Going back to Einaudi
Someone once had a bad experience meeting their hero. I’m not sure of the details of the encounter, but it resulted in heroes everywhere getting a bad rep. Maybe he blogged about his experience, and when you googled “meet your heroes” his post entitled “NEVER” was at the top of the results page. However it happened, the phrase has always rung in my ears when planning on seeing a musical hero of mine live.
So it was with trepidation that I (Alasdair) headed to Cadogan Hall last night to see Ludovico Einaudi, the oblivious father of GetJazzical. You may have noticed that we mention Einaudi in pretty much every podcast. We also refer to him in every post, and compare every artist we play to him, his style and his influence. If you ask Olly, he would tell you that he was in fact the first person ever to see Ludovico Einaudi live. And back in my school days, I would woo the ladies (or more accurately win a music competition) in my hipster cello/piano ensemble The Sunset Boys playing Due Tramonti.
There was another worry floating through my head: Einaudi’s minimalist, contemporary, classical, pop, international amalgamation was great back in the early 2000s when I didn’t know anything more, anything deeper, and there was no real interwebs way of finding out about related artists. But over the years, I’ve moved on musically. If Einaudi was the gateway drug, I’d be down an alley shooting up new, minimalist, screechy classical music into my big toe these days.
As I took my seat amongst all the white middle class people, the lights
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dimmed and on walked the man. Unassuming in stature, yet instantly recognisable. Black tee and black blazer are to Einaudi as roll neck and jeans are to Jobs. He began with a piece from his latest offering, Nightbook. He then took the mic to inform us that he was going to be going back in time with the music, starting with his most recent work and seeing how far back he could go with the allotted performance slot. Each piece seemed to flow into the other, with soft, thoughtful playing, sometimes just allowing the chord to bounce off the walls.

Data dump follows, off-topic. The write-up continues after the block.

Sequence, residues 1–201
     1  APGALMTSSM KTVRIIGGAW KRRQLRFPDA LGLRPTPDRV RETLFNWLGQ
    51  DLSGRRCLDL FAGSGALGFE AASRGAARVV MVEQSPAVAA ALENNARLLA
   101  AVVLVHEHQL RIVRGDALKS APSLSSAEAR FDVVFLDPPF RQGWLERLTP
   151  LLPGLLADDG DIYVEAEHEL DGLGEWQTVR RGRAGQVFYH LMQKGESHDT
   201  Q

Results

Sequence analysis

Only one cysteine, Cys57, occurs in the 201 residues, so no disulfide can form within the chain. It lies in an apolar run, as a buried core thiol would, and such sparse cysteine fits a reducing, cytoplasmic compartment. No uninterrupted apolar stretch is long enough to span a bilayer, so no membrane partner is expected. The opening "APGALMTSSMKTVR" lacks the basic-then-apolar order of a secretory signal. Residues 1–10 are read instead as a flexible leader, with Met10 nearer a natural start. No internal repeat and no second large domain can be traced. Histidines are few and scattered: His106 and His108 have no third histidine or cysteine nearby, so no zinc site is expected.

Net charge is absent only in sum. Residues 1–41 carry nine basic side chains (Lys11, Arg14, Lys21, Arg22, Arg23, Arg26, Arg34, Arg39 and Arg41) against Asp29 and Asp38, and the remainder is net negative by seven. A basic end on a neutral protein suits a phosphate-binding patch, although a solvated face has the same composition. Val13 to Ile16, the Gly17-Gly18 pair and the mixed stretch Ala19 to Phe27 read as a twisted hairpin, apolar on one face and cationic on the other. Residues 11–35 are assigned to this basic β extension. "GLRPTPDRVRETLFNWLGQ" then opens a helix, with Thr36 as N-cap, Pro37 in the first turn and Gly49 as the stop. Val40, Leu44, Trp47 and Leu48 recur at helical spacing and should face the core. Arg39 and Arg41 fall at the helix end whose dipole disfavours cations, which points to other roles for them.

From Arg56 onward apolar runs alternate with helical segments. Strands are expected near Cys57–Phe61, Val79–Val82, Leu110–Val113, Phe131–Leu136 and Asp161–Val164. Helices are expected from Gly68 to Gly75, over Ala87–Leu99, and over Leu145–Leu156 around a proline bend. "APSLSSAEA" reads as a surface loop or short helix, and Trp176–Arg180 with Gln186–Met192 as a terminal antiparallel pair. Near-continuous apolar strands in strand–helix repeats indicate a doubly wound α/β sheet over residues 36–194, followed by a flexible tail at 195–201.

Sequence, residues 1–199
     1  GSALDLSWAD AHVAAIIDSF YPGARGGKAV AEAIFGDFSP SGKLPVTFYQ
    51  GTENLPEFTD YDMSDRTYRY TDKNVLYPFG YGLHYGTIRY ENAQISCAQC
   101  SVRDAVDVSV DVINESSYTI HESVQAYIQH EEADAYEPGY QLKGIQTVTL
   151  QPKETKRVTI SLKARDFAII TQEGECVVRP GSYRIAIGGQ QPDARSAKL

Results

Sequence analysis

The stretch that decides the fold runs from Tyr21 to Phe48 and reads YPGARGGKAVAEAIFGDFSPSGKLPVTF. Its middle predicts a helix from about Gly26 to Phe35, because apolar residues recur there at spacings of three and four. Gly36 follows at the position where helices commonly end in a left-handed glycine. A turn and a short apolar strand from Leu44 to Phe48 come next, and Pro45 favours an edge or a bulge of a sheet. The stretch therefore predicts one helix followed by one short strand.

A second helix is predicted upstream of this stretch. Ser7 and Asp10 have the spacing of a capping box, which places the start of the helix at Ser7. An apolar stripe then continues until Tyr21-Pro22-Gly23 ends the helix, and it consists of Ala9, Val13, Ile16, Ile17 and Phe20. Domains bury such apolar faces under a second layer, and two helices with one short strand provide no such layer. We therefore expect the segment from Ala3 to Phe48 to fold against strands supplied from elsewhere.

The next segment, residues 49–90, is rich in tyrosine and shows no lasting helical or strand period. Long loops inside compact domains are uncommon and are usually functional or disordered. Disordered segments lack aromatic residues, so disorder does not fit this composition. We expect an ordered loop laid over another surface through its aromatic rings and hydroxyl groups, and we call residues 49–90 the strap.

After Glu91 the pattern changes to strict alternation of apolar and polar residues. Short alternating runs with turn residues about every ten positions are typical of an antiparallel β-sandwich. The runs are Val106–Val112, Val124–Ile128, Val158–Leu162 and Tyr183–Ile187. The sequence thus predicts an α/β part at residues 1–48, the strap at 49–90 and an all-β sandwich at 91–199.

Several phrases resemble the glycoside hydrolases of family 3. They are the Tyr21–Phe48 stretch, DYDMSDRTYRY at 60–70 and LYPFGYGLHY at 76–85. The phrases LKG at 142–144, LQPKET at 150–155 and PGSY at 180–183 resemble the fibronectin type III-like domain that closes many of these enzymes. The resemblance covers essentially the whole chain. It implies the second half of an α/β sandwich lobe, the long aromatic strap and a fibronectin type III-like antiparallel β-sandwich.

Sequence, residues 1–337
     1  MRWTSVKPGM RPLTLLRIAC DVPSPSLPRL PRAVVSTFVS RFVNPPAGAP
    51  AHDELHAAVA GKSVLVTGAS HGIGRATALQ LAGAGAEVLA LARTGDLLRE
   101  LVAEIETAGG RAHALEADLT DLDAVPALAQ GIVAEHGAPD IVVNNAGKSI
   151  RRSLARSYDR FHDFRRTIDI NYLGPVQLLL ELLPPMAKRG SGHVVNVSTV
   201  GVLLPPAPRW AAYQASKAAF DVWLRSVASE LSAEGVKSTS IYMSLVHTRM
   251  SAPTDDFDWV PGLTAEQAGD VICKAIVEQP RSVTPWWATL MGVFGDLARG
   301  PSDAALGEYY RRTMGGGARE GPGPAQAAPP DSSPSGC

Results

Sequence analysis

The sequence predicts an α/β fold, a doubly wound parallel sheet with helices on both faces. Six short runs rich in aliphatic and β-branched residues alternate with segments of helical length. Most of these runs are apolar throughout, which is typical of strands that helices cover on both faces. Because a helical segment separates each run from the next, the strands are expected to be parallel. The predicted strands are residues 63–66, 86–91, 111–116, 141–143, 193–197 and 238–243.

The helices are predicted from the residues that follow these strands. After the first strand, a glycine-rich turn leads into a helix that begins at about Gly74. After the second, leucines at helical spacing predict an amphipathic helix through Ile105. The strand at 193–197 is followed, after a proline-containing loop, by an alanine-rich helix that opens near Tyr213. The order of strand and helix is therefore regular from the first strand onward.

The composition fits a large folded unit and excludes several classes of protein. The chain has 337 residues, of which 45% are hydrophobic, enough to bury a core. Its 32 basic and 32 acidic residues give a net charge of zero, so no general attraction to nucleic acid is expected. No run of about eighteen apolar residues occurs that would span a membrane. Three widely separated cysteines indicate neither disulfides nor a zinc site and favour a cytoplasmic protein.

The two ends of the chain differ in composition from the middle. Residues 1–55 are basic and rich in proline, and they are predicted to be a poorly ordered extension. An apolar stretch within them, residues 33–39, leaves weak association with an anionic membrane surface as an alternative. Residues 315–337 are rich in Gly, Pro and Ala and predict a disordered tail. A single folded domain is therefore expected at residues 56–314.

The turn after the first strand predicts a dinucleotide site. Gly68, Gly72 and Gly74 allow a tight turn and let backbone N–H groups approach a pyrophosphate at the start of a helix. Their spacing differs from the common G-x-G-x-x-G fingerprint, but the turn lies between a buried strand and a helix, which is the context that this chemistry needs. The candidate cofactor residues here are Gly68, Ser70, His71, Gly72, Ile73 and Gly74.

Now, I’ve realised I could go two ways with this review. I could either be entirely douchebag hipster about it and say that while Einaudi was once an inspiration to new composers, he’s now become so ubiquitous that I can’t hear a piece without thinking of an X Factor montage, or something to do with Myleene Klass; I could mention that the mere sight of people clutching an Einaudi album and saying “you know, I
never thought I’d be into classical music, but this has changed my mind” makes me want to throw a piano at them just so I could hear the resonance; and rant about the fact that he has produced an offspring of imitators who have mistaken scale exercises for actual music. I could also say that the concert was everything my teenage self could ever have hoped for and more: to hear his music played by him live is a completely different experience to hearing it on an album; the music transports you, soothes you, and excites you; and Einaudi is responsible for bringing many people to a deeper, more open understanding of unpretentious, classical music. I could go down either path, but to deny one view or the other would be to do a disservice to Einaudi the composer, and ignore Einaudi the product.
Listening to him reminded me that marketing gets in the way of brilliance. As soon as Einaudi became big, his record company was probably looking for “the next Einaudi”. Composers thought that if they were going to make it now, they had to copy his style. But last night, I realised that I don’t like his style of music. I like his music. I think Divenire is his best work, and is an incredibly daring, moving and haunting album; and while I dismissed Nightbook on its release as a cash in album, listening live suggested that there is a lot more he has yet to offer. The record company may want him to make 5 more albums that
sound exactly like
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Le Onde, but when it’s just Einaudi and a piano, your are treated to the unfiltered, PR free originality of the composer.
As the man took his final bow, I heard a teenager behind me say “I mean, he makes the piano sound so good!” I could have laughed, and made a snide comment to my friend, (actually I did, but that’s not the point) but when I was his age, that was exactly my analysis. I just hope that he, and the rest of the audience, follows Einaudi as an opening into the new world of classical music, instead of following the marketing companies in search for “it’s a bit like Einaudi, but…”